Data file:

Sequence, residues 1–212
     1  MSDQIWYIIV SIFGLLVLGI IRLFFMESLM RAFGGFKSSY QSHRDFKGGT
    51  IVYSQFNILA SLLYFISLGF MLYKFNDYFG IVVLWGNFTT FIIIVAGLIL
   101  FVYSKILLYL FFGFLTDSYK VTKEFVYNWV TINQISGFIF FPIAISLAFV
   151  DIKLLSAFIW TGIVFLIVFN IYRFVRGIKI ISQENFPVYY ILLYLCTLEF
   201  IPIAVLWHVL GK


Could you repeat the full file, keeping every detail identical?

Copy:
Sequence, residues 1–212
     1  MSDQIWYIIV SIFGLLVLGI IRLFFMESLM RAFGGFKSSY QSHRDFKGGT
    51  IVYSQFNILA SLLYFISLGF MLYKFNDYFG IVVLWGNFTT FIIIVAGLIL
   101  FVYSKILLYL FFGFLTDSYK VTKEFVYNWV TINQISGFIF FPIAISLAFV
   151  DIKLLSAFIW TGIVFLIVFN IYRFVRGIKI ISQENFPVYY ILLYLCTLEF
   201  IPIAVLWHVL GK